The army group, army, or corps commander has chiefs of branches subordinate to him. They normally report to him through the chief of staff. The commander of missile troops and artillery (CMTA) at the operational level is a commander (rather than chief). There is also a commander of air defense. There are chiefs of engineer, chemical, and signal troops and a chief of the personnel directorate. Each of these individuals has his own staff.

Combat elements of the Ground Forces were organized into combined arms and tank armies. A combined arms army included three motorized rifle divisions and a tank division. A tank army had three tank divisions and one motorized rifle division. In the late 1980s, the Ground Forces began to field corps that were more than twice the size of a single division.

At every level from brigade upward, chiefs of branches augment the primary staff, conforming to the needs of the level of command. These officers bring specialized knowledge and skills to the control of various elements of the combined arms. Although the chiefs perform as an element of the commander's staff in advising him on the use of forces in their branch of troops or services, in many cases they are also commanders. They are responsible for artillery, engineer, or air defense units readiness and performance. Like the primary staff, the chiefs continuously interact with the corresponding chiefs of branches at both higher and lower levels of command.

Although directly subordinate to the commander of their own force, chiefs of branches also receive and issue directives and instructions through a chain of special subordination within their branch. For example, because of the complex coordination required to integrate army group and army fire support planning in an offensive, the army CMTA can be specially subordinate to the army group CMTA. This special subordination serves as a high-speed channel for guidance, control, and coordination concerning the allocation and use of missile and artillery assets, while preserving the authority and responsibility of the army group and army commanders.

The title Guard is the honor bestowed on units for heroism demonstrated in battles. The Guard was born on 18 September 1941 when divisions ## 100, 127, 153 were renamed into the First, the Second and the Third Guard Divisions respectively. In many cases the unit simultaneously received a name usually related to place of the heaviest battles for which it was honored, like Kantemirovskaya Guard Division [4th Guards Tank Division], Tamanskaya [2nd Guards Motorized Rifle Division] and others.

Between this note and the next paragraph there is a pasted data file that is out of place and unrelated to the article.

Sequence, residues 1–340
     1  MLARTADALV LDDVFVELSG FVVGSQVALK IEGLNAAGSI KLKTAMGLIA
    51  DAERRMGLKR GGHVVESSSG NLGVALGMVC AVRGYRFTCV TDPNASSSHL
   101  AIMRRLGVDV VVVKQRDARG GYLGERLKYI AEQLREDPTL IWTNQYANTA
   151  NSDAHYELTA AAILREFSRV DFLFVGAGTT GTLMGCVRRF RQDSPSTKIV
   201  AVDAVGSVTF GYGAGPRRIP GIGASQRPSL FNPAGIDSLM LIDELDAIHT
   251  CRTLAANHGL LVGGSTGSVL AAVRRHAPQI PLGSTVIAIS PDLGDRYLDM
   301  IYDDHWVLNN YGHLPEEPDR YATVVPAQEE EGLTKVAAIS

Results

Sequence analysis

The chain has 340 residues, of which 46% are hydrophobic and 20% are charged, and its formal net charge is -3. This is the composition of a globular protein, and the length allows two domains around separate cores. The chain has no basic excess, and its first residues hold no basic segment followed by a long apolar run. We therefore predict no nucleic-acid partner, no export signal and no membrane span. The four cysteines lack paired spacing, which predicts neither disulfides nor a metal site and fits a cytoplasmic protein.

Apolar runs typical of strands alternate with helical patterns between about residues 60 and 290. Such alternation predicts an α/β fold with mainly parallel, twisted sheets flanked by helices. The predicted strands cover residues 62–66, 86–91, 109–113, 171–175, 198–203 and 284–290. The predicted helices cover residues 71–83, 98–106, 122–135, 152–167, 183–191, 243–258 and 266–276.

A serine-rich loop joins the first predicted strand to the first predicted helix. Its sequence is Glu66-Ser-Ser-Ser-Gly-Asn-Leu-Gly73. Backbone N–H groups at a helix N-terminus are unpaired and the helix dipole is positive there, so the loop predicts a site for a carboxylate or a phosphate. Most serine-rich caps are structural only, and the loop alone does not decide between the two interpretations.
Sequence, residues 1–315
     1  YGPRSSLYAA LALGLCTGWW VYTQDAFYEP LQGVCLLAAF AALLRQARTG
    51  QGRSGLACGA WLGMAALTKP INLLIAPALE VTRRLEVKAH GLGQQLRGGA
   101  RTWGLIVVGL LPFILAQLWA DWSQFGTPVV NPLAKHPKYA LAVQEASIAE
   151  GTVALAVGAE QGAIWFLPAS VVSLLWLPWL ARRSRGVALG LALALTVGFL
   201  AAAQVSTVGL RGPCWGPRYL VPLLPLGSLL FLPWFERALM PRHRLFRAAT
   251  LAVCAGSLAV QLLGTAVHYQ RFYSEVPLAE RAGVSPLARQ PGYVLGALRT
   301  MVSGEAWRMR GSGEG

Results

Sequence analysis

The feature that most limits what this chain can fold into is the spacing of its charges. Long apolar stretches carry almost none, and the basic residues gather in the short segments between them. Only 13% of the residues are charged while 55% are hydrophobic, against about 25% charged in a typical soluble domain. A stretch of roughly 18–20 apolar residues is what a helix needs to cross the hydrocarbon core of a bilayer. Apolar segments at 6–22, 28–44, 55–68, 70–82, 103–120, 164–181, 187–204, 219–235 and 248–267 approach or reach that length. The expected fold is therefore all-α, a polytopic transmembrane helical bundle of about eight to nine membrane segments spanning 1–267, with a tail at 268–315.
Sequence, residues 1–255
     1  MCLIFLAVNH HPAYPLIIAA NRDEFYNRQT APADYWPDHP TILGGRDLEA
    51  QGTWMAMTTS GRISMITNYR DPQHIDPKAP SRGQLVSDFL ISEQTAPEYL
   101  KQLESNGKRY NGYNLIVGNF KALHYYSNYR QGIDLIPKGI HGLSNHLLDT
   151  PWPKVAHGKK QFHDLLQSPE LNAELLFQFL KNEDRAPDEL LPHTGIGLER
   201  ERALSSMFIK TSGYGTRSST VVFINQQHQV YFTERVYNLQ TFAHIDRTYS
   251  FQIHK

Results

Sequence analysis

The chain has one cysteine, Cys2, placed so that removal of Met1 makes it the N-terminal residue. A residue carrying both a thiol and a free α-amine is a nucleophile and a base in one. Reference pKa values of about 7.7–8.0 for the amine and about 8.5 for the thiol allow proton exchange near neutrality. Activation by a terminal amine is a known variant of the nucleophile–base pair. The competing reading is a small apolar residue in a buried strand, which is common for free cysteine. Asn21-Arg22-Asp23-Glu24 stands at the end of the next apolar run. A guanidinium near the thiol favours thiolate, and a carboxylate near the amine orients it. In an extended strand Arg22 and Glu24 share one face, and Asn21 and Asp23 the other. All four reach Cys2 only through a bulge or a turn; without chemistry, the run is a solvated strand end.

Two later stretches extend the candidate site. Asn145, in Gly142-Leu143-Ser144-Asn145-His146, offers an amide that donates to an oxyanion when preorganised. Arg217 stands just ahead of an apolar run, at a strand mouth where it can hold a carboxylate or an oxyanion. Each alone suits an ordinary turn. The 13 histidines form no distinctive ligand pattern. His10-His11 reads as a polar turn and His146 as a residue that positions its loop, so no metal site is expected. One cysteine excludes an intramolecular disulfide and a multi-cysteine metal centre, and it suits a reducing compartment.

During the Soviet era a motorized rifle division had 12,000 soldiers organized into three motorized rifle regiments, a tank regiment, an artillery regiment, an air defense regiment, surface-to-surface missile and antitank battalions, and supporting chemical, engineer, signal, reconnaissance, and rear services companies. A typical tank division had 10,000 soldiers organized into three tank regiments and one motorized rifle regiment. In 1989 the Ground Forces also included eight brigades of air assault, or air-mobile, units that conducted helicopter landing operations.

Compared to Russian forces, US Army divisions have more infantry troops and larger logistic support, but fewer armored vehicles and artillery tubes. Russian forces are intended primarily for local regional operations and thus have fewer mobility assets and projection capabilities than possessed by the United States. The US military posture thus can deploy and operate at long distances, but the Russian military posture cannot do so to nearly such a degree.